Just before Christmas, two years ago, I waited at the Suvretta ski lift in St. Moritz, the world's oldest and most glamorous ski resort. It was one of the coldest mornings of the year, eight degrees below zero Fahrenheit, and my breath hanged before me in a cloud of mist. We had agreed to meet at eight thirty, and not a minute later an unimposing green Subaru Legacy, that has seen quite a few years, pulled up. The Biggest Devil climbed out and greeted me with a soft voice.
It was the exact term that Marc Rich, the most-wanted white-collar criminal in U.S. history until his highly controversial pardon by President Bill Clinton, used to describe himself. "I was painted as the biggest devil," Rich had said to me without the least bit of self-pity during one of our conversations. Then all of a sudden, so as to change the subject, he had challenged me: "Show me how good you ski."
So it came that a few days later I went skiing with the man, who is considered the most secretive, the most powerful and the most infamous oil trader. These three days in the Swiss Alps proved to be invaluable. Marc Rich, who had systematically avoided reporters and had given his last interview of significant length over twenty years ago, finally opened up and freely talked about his businesses and about his private life.
Being a business journalist in Switzerland, I had always been intrigued by Marc Rich. As a young Jewish boy in Belgium, he barely escaped certain death in the Holocaust. Penniless and unable to speak a word of English, he fled with his parents to the United States and made himself into the most successful -- and wealthiest -- commodities trader of his time: "The King of Oil," as one of his longtime business partners would later put it to me.
Rich then ran so afoul of the law that he landed on the FBI's Most Wanted list and absconded to Switzerland. The US Government chased him all over the world for "the largest tax evasion ever" (in the words of then-prosecutor Rudy Giuliani), for racketeering and for trading with the enemy Iran during the hostage crisis. The billionaire trader succeeded to evade the agents of the most powerful nation for almost twenty years before he got a presidential pardon.
What a life story, I thought. A story, all the more, which had not been written yet. So in 2000 I wrote my first letter to the office of Marc Rich + Company asking for an interview. My request was flatly denied. For years and years, I routinely sent faxes and e-mails, but the answers would always be the same: "No interviews."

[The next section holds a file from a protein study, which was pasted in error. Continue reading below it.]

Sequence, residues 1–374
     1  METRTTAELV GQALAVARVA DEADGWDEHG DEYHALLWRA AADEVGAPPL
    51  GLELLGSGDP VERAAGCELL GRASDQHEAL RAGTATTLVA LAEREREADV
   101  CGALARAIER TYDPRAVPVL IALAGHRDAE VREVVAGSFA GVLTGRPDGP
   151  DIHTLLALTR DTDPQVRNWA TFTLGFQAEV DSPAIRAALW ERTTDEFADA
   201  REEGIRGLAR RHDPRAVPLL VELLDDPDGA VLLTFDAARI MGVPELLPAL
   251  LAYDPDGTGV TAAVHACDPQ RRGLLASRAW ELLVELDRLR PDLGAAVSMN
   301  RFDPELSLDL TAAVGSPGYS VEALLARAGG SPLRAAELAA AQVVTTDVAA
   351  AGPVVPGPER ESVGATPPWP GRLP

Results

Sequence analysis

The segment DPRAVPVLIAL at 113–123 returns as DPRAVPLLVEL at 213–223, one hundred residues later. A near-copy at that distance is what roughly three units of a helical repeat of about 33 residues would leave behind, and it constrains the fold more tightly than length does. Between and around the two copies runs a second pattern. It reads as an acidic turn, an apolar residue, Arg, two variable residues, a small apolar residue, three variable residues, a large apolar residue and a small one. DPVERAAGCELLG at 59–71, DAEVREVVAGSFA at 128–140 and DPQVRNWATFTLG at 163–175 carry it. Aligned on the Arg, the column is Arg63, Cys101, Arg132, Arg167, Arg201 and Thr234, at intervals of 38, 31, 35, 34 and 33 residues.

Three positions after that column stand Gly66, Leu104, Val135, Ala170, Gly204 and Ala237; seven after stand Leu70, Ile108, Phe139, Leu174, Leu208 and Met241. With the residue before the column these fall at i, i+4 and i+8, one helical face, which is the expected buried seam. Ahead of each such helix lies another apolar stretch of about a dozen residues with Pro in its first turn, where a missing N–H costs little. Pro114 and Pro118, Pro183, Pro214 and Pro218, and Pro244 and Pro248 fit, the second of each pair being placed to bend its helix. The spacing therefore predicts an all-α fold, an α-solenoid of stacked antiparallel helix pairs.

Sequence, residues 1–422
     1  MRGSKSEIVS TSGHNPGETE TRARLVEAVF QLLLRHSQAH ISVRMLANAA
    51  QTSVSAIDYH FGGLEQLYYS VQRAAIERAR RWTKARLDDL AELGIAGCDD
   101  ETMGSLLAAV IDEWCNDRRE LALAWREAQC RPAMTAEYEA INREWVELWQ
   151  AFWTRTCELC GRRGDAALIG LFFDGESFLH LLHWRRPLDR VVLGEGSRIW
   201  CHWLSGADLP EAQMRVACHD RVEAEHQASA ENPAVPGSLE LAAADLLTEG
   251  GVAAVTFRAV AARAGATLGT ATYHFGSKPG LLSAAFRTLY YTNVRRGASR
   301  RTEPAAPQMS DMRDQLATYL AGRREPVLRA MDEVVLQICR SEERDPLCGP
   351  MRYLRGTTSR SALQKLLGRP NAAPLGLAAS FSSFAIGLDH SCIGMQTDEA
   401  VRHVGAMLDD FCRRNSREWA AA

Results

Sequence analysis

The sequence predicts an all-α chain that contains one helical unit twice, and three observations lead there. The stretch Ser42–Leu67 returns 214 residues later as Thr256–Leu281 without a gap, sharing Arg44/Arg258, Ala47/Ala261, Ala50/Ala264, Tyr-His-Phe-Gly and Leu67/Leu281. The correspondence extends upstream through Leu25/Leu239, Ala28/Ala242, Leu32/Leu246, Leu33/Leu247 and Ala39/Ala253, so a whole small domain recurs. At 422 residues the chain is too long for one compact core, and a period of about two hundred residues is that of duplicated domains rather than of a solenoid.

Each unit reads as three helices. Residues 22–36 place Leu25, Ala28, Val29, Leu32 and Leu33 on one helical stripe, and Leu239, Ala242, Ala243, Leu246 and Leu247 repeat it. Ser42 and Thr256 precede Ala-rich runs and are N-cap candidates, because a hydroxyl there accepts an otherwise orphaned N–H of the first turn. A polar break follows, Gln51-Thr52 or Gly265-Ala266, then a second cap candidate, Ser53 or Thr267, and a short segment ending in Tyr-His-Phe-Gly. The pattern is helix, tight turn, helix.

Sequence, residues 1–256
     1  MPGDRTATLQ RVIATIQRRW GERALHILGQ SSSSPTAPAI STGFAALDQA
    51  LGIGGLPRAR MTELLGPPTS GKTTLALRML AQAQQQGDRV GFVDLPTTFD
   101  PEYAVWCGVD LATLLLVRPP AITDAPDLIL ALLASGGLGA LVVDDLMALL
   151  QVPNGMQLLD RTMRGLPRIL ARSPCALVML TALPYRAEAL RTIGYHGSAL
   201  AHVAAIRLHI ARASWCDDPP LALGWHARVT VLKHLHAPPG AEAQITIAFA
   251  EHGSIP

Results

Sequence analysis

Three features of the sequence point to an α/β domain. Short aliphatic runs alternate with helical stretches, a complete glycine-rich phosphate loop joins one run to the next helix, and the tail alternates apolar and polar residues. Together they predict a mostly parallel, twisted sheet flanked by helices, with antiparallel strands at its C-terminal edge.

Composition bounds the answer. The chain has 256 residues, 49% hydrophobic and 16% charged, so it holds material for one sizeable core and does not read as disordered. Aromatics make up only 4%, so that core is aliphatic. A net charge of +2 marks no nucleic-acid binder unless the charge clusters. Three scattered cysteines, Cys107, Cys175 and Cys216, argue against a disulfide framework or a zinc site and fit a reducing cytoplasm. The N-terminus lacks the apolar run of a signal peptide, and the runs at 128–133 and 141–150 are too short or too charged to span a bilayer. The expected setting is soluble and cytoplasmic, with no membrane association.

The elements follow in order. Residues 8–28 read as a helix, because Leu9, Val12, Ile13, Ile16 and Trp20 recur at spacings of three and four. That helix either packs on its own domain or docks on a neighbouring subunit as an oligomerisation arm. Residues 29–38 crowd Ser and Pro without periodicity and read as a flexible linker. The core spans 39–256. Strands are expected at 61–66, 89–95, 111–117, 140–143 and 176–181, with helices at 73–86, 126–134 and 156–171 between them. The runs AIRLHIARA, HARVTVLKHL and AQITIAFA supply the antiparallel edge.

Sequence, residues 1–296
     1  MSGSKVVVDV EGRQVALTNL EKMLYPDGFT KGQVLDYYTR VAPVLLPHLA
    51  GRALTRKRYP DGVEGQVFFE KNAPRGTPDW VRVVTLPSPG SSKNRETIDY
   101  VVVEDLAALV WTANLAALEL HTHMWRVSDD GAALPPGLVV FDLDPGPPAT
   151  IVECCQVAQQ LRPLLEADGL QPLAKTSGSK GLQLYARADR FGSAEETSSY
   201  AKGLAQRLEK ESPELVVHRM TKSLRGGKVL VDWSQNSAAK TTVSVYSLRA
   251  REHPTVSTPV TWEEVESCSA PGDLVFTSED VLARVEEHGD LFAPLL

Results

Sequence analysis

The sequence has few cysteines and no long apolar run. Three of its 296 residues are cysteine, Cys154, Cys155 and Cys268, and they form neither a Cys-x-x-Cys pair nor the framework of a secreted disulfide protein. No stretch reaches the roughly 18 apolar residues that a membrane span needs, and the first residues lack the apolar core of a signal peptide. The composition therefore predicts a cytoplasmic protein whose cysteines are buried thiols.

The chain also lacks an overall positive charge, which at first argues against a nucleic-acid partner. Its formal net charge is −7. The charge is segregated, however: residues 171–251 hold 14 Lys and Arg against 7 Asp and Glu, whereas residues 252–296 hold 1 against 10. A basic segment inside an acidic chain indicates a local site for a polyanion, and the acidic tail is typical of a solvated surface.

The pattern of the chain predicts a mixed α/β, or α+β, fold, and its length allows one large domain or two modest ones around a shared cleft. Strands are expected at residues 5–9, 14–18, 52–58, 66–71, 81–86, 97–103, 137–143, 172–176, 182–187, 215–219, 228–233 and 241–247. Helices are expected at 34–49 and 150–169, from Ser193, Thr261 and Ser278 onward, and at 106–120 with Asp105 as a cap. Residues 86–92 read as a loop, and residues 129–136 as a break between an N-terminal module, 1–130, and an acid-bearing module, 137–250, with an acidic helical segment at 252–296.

This all changed in December 2006 when I wrote yet another letter and boldly explained that I was about to write a biography. In all truth, I did not expect a positive response. So I was surprised when Marc Rich finally agreed to a meeting. It came as an even greater surprise when he accepted my demands for total control over the contents of the book since I did not want to write an "authorized account" but also cover the things that he might not wish to read.
Researching and writing The King of Oil: The Secret Lives of Marc Rich became one of the most fascinating and most instructive experiences of my life. I talked to his family, friends and foes, from
ex-wife Denise Rich and the trader's first secretary, a Spanish Marquesa, to former prosecutor Morris "Sandy" Weinberg and US Marshal Ken Hill, who for fourteen years secretly sought to detain -- and even kidnap -- Rich. A former officer of the Israeli intelligence service, Mossad, provided insight into Rich's very special relationship to Israel and the crucial services he provided to the Jewish state. I interviewed dozens of traders from the five continents.
My many long conversations with Rich, more than 30 hours, were an important source of information. For the first time ever, he discussed his international business dealings -- even the most controversial ones. He openly and without remorse talked about Ayatollah Khomeini's Iran, his most important supplier of oil, with whom he maintained a much more intensive business relationship than was previously known. He admitted that he did his "most important and most profitable" by breaking international embargoes and doing business with apartheid South Africa. He commented on his trades with Fidel Castro's Cuba and with Marxist Angola and the Nicaraguan Sandinistas. He talked about Bill Clinton's pardon and revealed that he will never set foot in the United States again. And he explained why he thinks it is perfectly right to do business with corrupt, violent, and racist governments.
After our last interview I asked him why he ultimately spilled his secrets, after what seemed liked eternal secrecy. "Age and maturity," the Biggest Devil answered and gave me a sphinx-like smile.
Daniel Ammann is the author of The King of Oil: The Secret Lives of Marc Rich. St. Martin's Press.
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